Secretary of State for Justice offers support of Durham letter tackling racist incidents
Rt Hon Robert Buckland QC MP has has shown support by offering to contact the Vice Chancellor of Durham after reading the student letter, which now has over 2000 signatures
A letter calling for Durham University to acknowledge racism existing within the institution has now reached over 2000 signatures.
Written by first year students Georgie Elliott (Josephine Butler) and Jesse Bakare (Hild Bede), the letter also outlines the ways in which Durham is currently failing to tackle racism, and suggests how they can go about combatting and eradicating institutionalised racism.
Bakare told The Tab Durham that the purpose behind the letter is to educate those at the top on how best to tackle issues. He added: “The university won’t see a positive change in their image as a “white and racist” university without proactive efforts”.
Since first sharing the letter in new Facebook group, Overheard at Durham Uni, it has gained over 2000 signatures supporting the motions proposed by the pair.
Jesse has also recently reached out to MP Rt Hon Robert Buckland, who graduated from Durham in 1990. QC MP Rt Hon Buckland has since pledged to write to Durham’s Vice Chancellor expressing his support of the letter, and urging the Vice Chancellor to consider the propositions it contains. The support of such an influential figure and alumni is widely considered what Durham as an institution needs to accept accountability.
The letter, which was sent to the university this morning (8th June), outlined five suggestions that its student authors believe Durham should internalise, in order to create an equal society in which current and future BAME students thrive.
Its core suggestions would see the university introduce different routes for educating students on race relations, recommending a compulsory racism awareness course (with 100% needed in order to pass), similar to the existing compulsory consent course for all incoming students. The letter also proposes that students and faculties should be subject to taking the Harvard IAT (bias) test, so that existing prejudices and covert racial preferences can be better understood in order to tackle them. Additionally, it is advised that Durham host compulsory racism talks and lectures surrounding colonialism so that both students and staff can recognise and expose racism.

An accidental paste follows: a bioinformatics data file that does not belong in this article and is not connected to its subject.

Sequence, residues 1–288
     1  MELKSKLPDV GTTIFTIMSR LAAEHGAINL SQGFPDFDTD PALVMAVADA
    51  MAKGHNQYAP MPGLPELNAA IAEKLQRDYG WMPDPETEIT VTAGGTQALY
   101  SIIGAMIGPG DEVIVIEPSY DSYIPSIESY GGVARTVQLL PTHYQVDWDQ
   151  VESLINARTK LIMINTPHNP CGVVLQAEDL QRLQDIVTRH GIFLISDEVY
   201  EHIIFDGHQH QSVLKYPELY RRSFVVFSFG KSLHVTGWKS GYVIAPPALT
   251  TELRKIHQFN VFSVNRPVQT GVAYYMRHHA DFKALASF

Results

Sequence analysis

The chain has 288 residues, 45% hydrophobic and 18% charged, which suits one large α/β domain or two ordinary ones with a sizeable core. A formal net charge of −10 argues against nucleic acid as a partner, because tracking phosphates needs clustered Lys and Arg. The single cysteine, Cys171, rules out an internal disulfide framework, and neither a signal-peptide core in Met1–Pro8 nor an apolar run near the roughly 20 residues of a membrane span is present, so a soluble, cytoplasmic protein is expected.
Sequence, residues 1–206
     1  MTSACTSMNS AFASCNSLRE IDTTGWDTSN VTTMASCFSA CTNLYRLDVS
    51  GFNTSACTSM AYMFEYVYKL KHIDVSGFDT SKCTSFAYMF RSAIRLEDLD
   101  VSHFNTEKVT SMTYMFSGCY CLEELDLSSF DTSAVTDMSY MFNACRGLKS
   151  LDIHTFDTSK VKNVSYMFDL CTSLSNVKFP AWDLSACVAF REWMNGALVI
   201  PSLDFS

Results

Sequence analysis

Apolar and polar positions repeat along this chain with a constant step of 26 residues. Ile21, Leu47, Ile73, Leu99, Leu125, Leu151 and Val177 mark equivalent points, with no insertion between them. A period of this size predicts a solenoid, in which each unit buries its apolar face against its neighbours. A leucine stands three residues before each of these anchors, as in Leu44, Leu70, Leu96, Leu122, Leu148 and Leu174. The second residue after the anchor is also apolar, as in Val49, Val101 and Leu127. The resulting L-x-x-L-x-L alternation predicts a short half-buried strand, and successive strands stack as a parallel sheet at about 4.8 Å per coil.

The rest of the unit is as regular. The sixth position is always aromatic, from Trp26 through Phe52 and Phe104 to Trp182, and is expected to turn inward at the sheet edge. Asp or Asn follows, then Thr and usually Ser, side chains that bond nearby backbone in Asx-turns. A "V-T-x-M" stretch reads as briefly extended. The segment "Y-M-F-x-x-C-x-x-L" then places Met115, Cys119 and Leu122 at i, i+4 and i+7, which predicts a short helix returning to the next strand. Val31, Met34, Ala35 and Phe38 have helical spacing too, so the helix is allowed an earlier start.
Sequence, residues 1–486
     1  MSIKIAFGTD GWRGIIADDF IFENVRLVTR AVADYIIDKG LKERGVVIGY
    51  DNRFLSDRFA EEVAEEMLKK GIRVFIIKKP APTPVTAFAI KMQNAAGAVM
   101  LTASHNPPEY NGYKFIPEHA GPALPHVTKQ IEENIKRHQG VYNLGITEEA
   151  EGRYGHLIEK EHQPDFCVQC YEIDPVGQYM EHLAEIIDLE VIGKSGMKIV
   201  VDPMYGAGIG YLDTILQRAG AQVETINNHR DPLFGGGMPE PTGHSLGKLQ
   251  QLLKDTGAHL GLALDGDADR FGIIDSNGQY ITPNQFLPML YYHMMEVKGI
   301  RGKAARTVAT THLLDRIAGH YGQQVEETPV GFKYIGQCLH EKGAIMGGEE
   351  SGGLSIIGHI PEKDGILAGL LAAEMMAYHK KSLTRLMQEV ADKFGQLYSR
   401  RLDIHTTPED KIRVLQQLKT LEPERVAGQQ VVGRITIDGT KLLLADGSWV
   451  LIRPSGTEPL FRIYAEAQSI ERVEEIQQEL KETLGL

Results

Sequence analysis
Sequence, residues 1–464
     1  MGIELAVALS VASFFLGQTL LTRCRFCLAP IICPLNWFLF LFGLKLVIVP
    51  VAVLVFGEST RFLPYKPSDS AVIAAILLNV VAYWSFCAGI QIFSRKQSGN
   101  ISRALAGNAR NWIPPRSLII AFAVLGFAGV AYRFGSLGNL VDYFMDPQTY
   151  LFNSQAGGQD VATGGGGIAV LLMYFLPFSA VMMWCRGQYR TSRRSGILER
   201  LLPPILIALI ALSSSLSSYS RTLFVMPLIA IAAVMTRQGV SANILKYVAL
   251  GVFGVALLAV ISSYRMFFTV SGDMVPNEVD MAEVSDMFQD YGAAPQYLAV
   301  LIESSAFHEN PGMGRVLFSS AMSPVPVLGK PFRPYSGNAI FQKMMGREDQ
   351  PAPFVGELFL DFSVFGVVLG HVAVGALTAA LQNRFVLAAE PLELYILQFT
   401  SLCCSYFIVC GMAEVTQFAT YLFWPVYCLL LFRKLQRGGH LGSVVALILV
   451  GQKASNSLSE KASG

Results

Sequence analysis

When approached by the Tab Durham, Jesse stated: “[The] dream outcome is that Durham finally listens to its BAME community”. He adds that he is “not the first BAME student to try and open a dialogue, that’s why [he] felt it was necessary to get so many signatures in support. [Since Durham can’t ignore] 2,000, it gives them some accountability”.
The letter also reflects widespread opinions that Durham’s recent social media responses to current BLM action and the murder of George Floyd have been disappointing, and representative of the institution’s lack of effort in dealing with racist incidents. The letter condemns such efforts as “performance lip service”.
As a University community, we condemn all racism and hate crime in the strongest possible terms. We are committed to tackling ignorance, intolerance and hatred so that all people are accepted without exception. We are here to support you: https://t.co/brB6sEyUUS #blackouttuesday pic.twitter.com/icuqtD2Z3k
— Durham University (@durham_uni) June 2, 2020
Featured image credit: Richard Townshend, Creative Commons License